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What is Hydrocephalus ?

Hydrocephalus is an excessive accumulation of cerebrospinal fluid (CSF) in the ventricular spaces of the brain. It's most common in neonates but can also occur in adults as a result of injury or disease. In infants hydrocephalus enlarges the head; in both infants and, adults, resulting compression can damage brain tissue. With early detection and surgical intervention, the prognosis improves but remains guarded.

Causes of Hydrocephalus

Hydrocephalus results from an obstruction in CSF flow (non communicating hydrocephalus) or from faulty absorption of CSF (communicating hydrocephalus).

In non communicating hydrocephalus, the obstruction occurs most frequently between the third and fourth ventricles and at the aqueduct of Sylvius. It can also occur at the outlets of the fourth ventricle (foramina of Luschka and Magendie) or, rarely, at the foramen of Monro. This obstruction may result from faulty fetal development (myelomeningocele, congenital arachnoid cysts), infection (syphilis, granulomatous diseases, meningitis), tumor, cerebral aneurysm, or a blood clot.

In communicating hydrocephalus, faulty reabsorption of CSF may result from surgery to repair a myelomeningocele, adhesions between meninges at the base of the brain, or meningeal hemorrhage.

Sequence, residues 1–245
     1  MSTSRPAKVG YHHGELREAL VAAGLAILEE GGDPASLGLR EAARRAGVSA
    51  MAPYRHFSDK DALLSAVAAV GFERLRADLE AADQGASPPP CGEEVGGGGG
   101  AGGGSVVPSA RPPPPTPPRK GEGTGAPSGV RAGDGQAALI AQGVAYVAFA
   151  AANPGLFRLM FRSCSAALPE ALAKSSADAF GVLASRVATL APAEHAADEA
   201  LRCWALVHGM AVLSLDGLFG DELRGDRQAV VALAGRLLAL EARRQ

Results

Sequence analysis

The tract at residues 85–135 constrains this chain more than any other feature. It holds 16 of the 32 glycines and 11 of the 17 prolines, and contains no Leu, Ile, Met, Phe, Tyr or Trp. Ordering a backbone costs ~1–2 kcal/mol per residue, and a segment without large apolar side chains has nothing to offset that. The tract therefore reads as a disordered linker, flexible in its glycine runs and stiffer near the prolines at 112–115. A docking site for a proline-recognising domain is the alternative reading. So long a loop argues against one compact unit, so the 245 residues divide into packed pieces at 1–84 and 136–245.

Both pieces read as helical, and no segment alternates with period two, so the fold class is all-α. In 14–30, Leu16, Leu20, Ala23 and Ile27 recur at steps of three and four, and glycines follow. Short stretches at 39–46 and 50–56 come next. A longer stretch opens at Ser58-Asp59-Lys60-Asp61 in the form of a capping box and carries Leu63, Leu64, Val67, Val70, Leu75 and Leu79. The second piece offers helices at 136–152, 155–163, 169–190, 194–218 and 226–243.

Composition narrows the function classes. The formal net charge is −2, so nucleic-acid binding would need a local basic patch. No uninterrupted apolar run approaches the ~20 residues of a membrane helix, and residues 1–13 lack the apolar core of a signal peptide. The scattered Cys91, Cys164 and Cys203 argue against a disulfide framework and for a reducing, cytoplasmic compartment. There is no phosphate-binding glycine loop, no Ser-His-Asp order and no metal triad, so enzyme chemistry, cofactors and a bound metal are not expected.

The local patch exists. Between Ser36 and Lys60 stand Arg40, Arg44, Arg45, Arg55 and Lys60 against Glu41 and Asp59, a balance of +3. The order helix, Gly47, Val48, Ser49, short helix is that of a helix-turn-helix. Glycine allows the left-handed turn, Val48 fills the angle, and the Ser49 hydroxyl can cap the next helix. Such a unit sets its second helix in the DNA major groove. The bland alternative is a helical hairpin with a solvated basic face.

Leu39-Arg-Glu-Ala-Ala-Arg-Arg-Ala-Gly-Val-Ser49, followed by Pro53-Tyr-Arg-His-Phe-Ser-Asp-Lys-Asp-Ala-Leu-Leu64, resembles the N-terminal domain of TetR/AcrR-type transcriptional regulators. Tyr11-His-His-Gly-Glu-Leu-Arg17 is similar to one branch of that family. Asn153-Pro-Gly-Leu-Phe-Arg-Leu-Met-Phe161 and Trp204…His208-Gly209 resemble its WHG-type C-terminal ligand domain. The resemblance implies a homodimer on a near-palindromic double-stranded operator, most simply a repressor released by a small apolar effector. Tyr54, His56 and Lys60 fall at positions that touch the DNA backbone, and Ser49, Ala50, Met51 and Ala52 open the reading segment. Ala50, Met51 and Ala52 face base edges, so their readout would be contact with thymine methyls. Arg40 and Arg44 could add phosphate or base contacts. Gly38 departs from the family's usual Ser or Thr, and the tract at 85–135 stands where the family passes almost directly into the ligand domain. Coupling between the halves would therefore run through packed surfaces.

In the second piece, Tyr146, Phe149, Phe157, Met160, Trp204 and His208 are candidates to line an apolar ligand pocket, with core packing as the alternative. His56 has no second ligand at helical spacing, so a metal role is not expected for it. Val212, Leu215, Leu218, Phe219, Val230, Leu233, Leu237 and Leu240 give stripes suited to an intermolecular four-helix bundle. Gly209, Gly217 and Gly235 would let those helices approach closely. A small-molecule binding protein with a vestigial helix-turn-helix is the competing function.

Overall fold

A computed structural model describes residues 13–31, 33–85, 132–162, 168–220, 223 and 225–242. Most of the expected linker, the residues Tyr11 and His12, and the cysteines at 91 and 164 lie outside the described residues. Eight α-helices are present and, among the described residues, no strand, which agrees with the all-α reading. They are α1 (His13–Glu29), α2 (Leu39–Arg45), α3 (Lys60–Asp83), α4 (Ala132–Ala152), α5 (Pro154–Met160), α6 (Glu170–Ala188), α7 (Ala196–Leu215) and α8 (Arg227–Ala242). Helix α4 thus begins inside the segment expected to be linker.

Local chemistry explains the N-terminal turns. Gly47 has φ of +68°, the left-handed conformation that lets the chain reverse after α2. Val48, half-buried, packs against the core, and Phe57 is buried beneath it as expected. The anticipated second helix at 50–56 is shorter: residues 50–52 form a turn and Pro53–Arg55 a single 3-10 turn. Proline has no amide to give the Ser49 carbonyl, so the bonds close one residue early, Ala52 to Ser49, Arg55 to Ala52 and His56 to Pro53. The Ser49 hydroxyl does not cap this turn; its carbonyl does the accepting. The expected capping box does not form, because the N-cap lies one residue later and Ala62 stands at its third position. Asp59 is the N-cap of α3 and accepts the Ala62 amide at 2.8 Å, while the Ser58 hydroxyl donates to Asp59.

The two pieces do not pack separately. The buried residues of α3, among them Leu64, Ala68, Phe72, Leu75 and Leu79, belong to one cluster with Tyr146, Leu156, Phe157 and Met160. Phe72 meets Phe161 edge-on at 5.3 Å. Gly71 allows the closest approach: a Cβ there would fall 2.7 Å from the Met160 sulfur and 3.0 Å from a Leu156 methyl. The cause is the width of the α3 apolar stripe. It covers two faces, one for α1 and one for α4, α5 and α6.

Signs & Symptoms of Hydrocephalus

Hydrocephalus sometimes has no symptoms (asymptomatic). When symptoms occur, they can include:

  • Enlarged skull (infants).
  • Headache
  • Nausea and vomiting
  • Decreased conscious state
  • Hearing sensitivities
  • Seizures
  • Difficulty in walking
  • Imbalance and dizziness
  • Incontinence
  • Irregular gait
  • Vision problems
  • Poor coordination

Diagnostic Tests

The various tests used to diagnose hydrocephalus include:

  • Physical examination
  • Eye examination
  • Computed tomography scanning
  • Skull X-rays
  • CT scan
  • MRI scan.
  • Magnetic resonance imaging


Surgical correction is the only treatment for hydrocephalus. Surgery is performed either to remove an obstruction to CSF flow or to implant a shunt to divert CSF flow. Usually, such surgery involves insertion of a ventriculoperitoneal shunt, which drains excess CSF fluid from the brain's lateral ventricle into the peritoneal cavity.

If a concurrent abdominal problem exists, the doctor may use a ventriculoatrial shunt, which drains fluid from the brain's lateral ventricle into the right atrium of the heart, where the fluid makes its way into the venous circulation.

Prevention Tips

Protect the head of an infant or child from injury. Prompt treatment of infections such as meningitis and other disorders associated with hydrocephalus may reduce the risk of developing the disorder.

If you're pregnant, you may reduce the risk of hydrocephalus in your unborn baby by taking precautions to reduce the likeliness of premature birth.

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